Submitted in response to written requests from the Inquiry, usually providing lists of questions to be answered. In most cases these formed the basis of questioning in public sessions, but in some cases they were read into the record (or taken as read) and the witness did not appear in person.
Given by witnesses invited by the Inquiry, normally after they have made written statements. These sessions could be viewed live online and sometimes on television news services, and the video recordings are part of the archive. The statements were usually released to the public after the public sessions.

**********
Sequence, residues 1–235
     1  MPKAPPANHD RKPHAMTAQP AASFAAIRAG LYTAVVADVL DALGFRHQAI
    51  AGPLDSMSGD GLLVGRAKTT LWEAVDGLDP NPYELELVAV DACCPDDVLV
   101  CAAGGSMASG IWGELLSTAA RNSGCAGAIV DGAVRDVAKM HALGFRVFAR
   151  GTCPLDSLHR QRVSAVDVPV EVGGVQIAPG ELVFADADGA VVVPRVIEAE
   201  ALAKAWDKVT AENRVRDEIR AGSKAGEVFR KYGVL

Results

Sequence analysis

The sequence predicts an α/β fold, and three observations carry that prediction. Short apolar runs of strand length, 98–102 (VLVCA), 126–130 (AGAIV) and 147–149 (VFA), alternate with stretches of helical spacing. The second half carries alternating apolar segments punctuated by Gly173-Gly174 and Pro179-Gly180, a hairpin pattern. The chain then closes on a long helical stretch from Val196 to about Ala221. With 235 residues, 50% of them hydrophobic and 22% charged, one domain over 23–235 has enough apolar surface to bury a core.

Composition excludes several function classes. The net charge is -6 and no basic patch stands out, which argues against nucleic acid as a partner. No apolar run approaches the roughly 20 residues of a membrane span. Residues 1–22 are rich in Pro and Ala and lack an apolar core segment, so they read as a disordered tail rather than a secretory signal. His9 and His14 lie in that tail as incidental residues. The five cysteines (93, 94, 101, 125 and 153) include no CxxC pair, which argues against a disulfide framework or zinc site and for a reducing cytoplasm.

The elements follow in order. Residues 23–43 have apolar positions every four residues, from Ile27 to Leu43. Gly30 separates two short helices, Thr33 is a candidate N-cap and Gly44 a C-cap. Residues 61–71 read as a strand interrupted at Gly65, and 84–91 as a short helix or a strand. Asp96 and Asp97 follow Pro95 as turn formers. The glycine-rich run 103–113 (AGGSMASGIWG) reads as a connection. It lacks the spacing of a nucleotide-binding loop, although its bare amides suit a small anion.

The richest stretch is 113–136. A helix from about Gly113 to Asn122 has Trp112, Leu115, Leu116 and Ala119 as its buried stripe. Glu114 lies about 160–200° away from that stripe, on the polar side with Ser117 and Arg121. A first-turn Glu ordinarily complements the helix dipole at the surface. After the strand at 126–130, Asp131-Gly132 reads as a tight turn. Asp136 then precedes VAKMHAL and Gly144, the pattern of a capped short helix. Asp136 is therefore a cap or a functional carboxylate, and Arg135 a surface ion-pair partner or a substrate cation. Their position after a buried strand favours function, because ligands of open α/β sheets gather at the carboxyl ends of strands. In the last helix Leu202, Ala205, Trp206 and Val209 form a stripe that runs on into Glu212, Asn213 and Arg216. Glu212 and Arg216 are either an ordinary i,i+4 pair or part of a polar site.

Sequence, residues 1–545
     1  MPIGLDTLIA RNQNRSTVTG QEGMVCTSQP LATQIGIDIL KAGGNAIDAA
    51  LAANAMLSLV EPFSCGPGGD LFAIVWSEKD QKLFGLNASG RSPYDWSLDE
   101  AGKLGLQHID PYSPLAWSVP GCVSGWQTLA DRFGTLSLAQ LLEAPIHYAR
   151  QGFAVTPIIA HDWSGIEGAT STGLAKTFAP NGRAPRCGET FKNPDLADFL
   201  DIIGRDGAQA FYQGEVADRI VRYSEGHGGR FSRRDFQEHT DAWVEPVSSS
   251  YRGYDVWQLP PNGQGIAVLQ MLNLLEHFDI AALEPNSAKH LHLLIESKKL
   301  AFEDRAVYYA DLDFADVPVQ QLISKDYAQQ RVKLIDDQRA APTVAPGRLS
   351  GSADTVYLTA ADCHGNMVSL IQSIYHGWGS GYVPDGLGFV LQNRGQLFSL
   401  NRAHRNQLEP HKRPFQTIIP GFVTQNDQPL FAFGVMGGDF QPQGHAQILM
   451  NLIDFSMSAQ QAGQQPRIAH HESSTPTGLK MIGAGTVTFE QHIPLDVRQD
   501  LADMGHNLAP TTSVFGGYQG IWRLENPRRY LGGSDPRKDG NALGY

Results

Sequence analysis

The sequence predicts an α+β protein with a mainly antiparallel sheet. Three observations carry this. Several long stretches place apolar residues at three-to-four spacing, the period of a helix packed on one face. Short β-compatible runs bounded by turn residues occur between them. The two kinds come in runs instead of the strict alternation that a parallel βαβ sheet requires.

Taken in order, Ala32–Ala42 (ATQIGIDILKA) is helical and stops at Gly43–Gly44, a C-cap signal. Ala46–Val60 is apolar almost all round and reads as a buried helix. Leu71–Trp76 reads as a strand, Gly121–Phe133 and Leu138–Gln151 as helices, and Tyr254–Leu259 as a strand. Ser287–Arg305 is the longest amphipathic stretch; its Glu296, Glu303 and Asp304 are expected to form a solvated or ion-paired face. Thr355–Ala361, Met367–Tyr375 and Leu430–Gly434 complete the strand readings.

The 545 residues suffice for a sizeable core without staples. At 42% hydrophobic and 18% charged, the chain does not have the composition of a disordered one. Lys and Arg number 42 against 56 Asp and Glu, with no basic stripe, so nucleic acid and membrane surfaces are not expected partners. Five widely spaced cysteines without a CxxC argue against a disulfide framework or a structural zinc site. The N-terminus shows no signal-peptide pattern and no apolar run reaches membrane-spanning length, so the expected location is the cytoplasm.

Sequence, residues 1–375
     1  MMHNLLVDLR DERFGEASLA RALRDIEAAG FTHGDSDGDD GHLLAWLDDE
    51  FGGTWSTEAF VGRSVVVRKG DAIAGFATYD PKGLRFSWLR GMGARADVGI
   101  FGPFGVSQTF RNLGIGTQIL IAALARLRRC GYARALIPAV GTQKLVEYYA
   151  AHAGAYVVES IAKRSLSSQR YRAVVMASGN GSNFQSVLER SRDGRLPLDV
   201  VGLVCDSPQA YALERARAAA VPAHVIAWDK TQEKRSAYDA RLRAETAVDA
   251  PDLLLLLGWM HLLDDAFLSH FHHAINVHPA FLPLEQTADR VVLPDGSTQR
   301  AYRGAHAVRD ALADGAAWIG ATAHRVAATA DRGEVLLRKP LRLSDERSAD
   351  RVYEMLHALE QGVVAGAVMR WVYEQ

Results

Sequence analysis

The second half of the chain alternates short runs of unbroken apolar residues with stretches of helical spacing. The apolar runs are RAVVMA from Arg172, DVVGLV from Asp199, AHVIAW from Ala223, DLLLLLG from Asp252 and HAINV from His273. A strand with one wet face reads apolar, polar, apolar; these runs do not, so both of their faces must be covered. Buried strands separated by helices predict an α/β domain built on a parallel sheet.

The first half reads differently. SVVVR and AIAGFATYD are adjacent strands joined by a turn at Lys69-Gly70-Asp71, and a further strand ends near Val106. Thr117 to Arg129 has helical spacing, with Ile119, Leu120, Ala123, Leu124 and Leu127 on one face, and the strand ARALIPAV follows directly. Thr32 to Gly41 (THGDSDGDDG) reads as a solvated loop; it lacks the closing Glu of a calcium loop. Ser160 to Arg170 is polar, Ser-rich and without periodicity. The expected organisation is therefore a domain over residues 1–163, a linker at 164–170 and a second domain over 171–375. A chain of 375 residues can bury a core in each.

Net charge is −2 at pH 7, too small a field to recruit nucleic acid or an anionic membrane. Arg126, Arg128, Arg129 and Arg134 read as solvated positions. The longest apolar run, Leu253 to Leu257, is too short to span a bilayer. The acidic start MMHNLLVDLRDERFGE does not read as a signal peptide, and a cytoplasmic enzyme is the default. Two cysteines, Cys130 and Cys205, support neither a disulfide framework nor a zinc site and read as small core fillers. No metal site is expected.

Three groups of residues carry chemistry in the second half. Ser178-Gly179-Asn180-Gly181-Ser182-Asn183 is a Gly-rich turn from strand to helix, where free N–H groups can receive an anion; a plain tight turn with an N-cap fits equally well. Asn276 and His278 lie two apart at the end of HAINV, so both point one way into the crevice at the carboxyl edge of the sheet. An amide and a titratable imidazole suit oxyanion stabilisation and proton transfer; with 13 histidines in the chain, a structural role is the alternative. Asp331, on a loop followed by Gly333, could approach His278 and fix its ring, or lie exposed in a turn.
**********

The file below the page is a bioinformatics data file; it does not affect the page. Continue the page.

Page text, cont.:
Now known as the Press Council of Ireland and responsible for the oversight of professional principles embodied in a Code of Practice, and with upholding the freedom of the press. Press Ombudsman John Horgan told the Inquiry that the independence of the body from both industry and state was vital. Every major newspaper in Ireland had been the subject of critical adverse findings, he said.